The Kasserine Pass is a gap in the Grand Dorsal chain (an extension of the Atlas Mountains) in central Tunisia.
During the Allied offensive in Tunisia in World War II, the pass was the scene of an Axis counteroffensive on February 14, 1943 to February 22, 1943. This was the United States Army’s first encounter with veteran Nazi German forces of Erwin Rommel’s Afrika Korps in North Africa. The Americans did not do well. The 1970 film, Patton starring George C. Scott, opens with a fairly good representation of the heavy casualties and demoralization the U.S. Army suffered at Kasserine Pass.
Under the sobriquet “Operation Torch” the Americans landed in the western part of the North Africa, in Morrocco, in November, 1942, while at the same time, the British Eighth Army under the command of Bernard Law Montgomery pursued Rommel from the east, following a victory at El Alamein in October, 1942.
Rommel retreated from the advancing allies and consolidated his forces, including brand new Panzerkampfwagen VI “Tiger” Heavy Tanks, equipped with 88 mm cannons, supported by even better "Acht-Acht", 88 mm anti-aircraft guns, which Rommel had adapted for use as the premiere anti-tank gun of World War II. He began a counteroffensive on February 14, 1943 which forced the Americans into defensive positions in the Dorsal Mountains.
The 10th and 21st Panzer Divisions smashed into the U.S. VIIth Corps at Kasserine Pass. Over 1,000 American troops were killed, hundreds captured, and the bulk of the American’s heavy equipment was either destroyed or captured. German casualties were minor.
The Americans learned some valuable lesson from the debacle at Kasserine Pass:
Equipment: At Kasserine the U.S. Army used M3 “Lee and Grant” tanks. This tank mounted a 75mm gun directly to its hull --not on a turret-- and thus had very limited ability to traverse. The M3 had a revolving turret, but it was equipped with relatively small, 37mm gun. Its armor plating was riveted, and the rivets “fragged” the unfortunate tankers if the tank took enemy fire. The M4 Sherman tank used by the U.S. Army in the rest of the war was a definite improvement, though American WWII tanks never matched the Germans or the Russian T34.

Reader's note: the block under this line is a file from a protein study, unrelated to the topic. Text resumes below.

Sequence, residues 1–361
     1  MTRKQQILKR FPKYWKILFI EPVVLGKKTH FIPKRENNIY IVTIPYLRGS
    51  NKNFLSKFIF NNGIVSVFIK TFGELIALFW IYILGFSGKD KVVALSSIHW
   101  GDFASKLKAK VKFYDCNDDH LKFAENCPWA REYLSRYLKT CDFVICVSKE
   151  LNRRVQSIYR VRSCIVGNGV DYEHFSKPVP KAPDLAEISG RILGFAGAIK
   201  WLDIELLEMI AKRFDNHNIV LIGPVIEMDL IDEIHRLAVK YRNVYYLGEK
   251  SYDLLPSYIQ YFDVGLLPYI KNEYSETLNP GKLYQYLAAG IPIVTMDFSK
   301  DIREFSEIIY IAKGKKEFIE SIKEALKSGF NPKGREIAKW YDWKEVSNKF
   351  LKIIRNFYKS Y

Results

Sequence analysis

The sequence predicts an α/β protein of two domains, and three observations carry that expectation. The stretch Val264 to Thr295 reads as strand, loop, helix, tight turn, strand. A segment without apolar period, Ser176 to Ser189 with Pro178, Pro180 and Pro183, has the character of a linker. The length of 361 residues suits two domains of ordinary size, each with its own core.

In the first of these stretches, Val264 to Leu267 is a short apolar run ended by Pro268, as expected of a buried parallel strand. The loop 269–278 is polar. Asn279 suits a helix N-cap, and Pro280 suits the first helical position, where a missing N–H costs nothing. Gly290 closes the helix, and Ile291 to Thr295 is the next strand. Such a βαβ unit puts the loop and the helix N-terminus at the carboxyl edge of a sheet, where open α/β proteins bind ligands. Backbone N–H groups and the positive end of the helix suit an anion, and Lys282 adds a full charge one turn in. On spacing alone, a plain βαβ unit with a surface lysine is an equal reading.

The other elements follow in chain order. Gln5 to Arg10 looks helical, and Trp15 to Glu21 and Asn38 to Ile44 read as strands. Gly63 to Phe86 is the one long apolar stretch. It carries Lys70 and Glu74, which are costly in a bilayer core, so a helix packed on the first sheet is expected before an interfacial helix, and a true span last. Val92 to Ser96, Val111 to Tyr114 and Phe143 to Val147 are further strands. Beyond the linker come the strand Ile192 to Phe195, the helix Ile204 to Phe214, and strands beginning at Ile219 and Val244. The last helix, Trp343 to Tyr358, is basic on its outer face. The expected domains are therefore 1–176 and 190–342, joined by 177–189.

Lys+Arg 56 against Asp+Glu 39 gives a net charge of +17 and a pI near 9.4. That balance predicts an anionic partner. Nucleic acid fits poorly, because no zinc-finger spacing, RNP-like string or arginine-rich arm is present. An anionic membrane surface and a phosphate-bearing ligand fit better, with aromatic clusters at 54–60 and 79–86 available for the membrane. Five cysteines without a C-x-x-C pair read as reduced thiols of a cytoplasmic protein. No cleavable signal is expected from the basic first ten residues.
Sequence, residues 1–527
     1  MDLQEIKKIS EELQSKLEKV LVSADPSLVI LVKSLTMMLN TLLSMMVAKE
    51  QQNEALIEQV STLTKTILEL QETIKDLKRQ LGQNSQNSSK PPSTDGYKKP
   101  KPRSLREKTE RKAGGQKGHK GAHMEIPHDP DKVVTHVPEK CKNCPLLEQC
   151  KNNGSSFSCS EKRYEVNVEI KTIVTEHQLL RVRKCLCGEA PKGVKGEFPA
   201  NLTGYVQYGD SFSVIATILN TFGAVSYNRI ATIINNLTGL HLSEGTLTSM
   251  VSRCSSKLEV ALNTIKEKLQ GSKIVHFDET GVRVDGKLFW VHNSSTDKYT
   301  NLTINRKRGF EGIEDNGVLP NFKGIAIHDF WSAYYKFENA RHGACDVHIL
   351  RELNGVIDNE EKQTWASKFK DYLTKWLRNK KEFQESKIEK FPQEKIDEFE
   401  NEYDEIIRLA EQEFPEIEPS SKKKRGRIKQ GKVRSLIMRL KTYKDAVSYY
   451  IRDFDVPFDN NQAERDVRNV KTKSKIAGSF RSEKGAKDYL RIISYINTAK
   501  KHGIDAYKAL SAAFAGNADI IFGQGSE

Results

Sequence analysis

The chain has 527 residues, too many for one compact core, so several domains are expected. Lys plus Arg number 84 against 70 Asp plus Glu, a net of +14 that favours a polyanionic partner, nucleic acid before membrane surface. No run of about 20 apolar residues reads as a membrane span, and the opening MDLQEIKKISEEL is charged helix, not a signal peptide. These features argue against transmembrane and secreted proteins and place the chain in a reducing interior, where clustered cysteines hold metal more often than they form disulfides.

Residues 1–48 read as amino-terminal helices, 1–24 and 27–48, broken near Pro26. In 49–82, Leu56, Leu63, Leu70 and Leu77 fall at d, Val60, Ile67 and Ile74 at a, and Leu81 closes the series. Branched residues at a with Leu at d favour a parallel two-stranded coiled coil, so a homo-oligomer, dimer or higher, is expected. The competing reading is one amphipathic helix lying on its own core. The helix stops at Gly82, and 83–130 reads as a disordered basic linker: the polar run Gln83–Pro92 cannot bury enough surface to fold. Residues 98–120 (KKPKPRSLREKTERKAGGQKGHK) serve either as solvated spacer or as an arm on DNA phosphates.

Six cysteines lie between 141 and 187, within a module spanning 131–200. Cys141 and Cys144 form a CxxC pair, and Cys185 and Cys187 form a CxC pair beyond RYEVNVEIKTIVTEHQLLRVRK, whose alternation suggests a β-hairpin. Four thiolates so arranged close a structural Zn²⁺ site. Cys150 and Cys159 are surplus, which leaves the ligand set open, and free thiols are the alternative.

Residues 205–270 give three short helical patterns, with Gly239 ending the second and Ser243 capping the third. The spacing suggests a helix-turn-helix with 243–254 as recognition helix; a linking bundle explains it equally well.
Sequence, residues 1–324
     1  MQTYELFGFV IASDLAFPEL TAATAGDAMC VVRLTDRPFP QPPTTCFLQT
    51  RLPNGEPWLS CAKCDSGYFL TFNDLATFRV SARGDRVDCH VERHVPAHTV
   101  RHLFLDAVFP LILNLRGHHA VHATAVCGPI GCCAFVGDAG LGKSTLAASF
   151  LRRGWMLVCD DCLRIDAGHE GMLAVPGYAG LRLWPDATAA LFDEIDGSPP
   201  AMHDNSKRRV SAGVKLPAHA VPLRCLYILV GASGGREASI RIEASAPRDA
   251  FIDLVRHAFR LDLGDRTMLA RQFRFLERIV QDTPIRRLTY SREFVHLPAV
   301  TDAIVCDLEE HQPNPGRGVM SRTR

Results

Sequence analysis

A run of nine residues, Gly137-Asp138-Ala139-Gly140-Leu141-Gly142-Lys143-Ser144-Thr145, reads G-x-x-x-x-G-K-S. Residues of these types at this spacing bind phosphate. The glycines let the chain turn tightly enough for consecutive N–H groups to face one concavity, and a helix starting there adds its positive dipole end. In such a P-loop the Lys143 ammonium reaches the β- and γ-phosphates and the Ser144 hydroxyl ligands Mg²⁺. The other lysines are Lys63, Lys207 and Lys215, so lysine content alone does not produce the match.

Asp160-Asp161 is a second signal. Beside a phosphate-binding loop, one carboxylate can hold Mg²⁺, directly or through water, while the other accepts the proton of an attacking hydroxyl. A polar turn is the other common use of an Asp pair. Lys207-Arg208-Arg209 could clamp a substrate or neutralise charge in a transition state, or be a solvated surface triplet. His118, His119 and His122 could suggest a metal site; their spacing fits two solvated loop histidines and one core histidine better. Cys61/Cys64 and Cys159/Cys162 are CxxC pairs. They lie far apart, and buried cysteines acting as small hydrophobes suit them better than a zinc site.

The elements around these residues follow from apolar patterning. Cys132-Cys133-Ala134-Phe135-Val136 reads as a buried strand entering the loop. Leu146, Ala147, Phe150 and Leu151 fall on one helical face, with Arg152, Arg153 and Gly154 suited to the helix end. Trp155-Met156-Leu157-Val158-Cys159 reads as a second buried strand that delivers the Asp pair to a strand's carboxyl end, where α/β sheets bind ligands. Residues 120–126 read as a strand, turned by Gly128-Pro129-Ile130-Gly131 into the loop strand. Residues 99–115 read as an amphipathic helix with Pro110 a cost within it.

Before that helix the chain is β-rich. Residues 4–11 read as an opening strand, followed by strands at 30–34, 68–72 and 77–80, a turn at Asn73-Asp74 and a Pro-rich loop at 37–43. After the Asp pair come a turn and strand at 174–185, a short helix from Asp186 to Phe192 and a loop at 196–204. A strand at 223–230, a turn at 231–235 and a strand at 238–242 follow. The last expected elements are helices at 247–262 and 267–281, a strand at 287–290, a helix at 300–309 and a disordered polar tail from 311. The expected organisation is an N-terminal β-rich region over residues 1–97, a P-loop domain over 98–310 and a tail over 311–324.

For the rest of the war, the Nazi high command relied on the reports sent back by the Afrika Korps regarding the Americans’ inferior equipment for the rest of the war, and apparently never grasped that U.S. weapons improved throughout the war.
Tactics: The Americans needed to learn to concentrate firepower. Air support, in particular, was doled out to Army field commanders who frittered it away in sporadic close support operations, as if it were field artillery. Later U.S. air doctrine concentrated all available assets under a single, separate command (which later evolved into an “Air Force” entirely separate from the Army) to pursue a unified strategy of air superiority.
Similarly, the Afrika Korps demonstrated for the Americans the necessity of concentrating artillery and tank fire in armored combat, rather than one-on-one tank battles, which the U.S. tanks were sure to lose in any case. Later, massed firepower would be absolutely critical to the successful employment of faster and more numerous M4 “Sherman” tanks against heavier German tanks with better guns.
The idea that General Patton single-handedly rebuilt morale and revised army doctrine is, of course, Hollywood myth. If, however, George C. Scott’s character is taken as representing the entire American command, from Dwight D. Eisenhower down to the lowliest lieutenant, then the movie accurately portrays the task before them and the results achieved.
The M3 Tank, pictures: http://mailer.fsu.edu/~akirk/tanks/UnitedStates/mediumtanks/M3/M3.html